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Eagles' Eric Rowe knows Patriots' Tom Brady will test him

MALCOLM Jenkins' first-ever appearance in an NFL regular-season game was short and not so sweet. The 14th overall selection in the 2009 draft, he played only one snap in the New Orleans Saints' season opener against the Detroit Lions.

MALCOLM Jenkins' first-ever appearance in an NFL regular-season game was short and not so sweet.

The 14th overall selection in the 2009 draft, he played only one snap in the New Orleans Saints' season opener against the Detroit Lions.

It came early in the third quarter of what would end up being a 45-27 Saints rout. The guy on the other side of the line from him for that one play was none other than Calvin Johnson.

"One-on-one, no help," Jenkins recalled. "Sixty-seven yards later, he stepped out on the 2-yard line."

Jenkins relayed that not-so-fond memory to rookie cornerback Eric Rowe last week after Rowe gave up two touchdown passes to Johnson in the Thanksgiving Day Massacre. Kind of his way of letting the kid know that sun still will come up tomorrow, and that better days hopefully lie ahead.

Lions quarterback Matthew Stafford threw five touchdown passes in the ugly 45-14 loss. Johnson caught three of them, including the two when he was being covered by Rowe and another when he was Jenkins' responsibility.

Rowe replaced starting corner Nolan Carroll early in the second quarter after Carroll went down with a season-ending broken ankle. Johnson, who didn't have a catch to that point, finished with eight receptions for 93 yards, including the three scores.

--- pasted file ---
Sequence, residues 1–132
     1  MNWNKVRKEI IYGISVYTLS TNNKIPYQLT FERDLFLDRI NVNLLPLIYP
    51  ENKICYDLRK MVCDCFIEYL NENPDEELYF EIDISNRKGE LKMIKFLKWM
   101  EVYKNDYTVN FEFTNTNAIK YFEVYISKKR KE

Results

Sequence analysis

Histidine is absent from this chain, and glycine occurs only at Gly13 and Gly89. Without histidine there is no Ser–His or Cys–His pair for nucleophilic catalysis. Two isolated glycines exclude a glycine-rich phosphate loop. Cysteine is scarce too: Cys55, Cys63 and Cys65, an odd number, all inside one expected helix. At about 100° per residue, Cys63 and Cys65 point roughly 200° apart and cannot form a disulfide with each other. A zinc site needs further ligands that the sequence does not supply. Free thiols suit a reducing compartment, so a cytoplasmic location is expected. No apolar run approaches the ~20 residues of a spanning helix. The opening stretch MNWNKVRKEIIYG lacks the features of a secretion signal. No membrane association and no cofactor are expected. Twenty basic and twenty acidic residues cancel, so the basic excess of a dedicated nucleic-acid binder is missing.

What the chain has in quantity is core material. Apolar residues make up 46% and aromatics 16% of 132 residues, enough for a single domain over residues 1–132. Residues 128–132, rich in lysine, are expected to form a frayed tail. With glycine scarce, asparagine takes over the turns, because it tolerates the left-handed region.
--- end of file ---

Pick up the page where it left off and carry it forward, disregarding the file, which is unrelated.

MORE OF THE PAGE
Rowe, who played 52 snaps, gave up four of Johnson's eight catches for 53 yards. But the truth is, he didn't play that badly.

He gave up 9- and 15-yard receptions to Johnson early on because he was in awe of the five-time Pro Bowler and was playing too far off him.

The other two were the touchdown catches. On the first, a third-and-17 disaster from the Philadelphia 25-yard line, he was supposed to get over-the-top help from safety Walter Thurmond. But Stafford froze Thurmond with a look in the middle of the field. The second was a perfect 4-yard back-shoulder fade that only a handful of corners in the league would have had a legitimate chance of breaking up.

"I learned a lot," Rowe said Tuesday. "I learned how the best receiver in the game works. That was a great learning experience for me. The extra time (since Thursday) helped me recover and settle my mind and get ready for this week."

This week is Tom Brady and the Patriots. From the proverbial frying pan into the fire for the second-round rookie from Utah who, until 20 months ago, was a safety.

Unless tight end Rob Gronkowski can shake off the knee injury he suffered in Sunday night's loss to Denver, the Patriots don't have a receiver the caliber of Calvin Johnson. But Brady is the ultimate turn-water-into-wine quarterback. He's so good he can manage to make Brandon LaFell look like a poor man's Johnson.

"We have to try to outsmart Brady," Rowe said. "He's the best quarterback I've seen in my era. All we can do is study film, study him up and try to out-scheme him.

"If we can just hold up the receivers, the rush will get there. We just have to do our job. We just have to play better."

That would help. In the last four games, Eagles defensive backs have been ducks in a shooting gallery for opposing quarterbacks. Their last four opponents have a collective 121.4 passer rating against them, including 15 touchdown passes and only one interception.

In the Eagles' first seven games, they held opponents to a 79.1 passer rating, including 10 touchdowns and 11 interceptions. They allowed only 6.7 yards per attempt.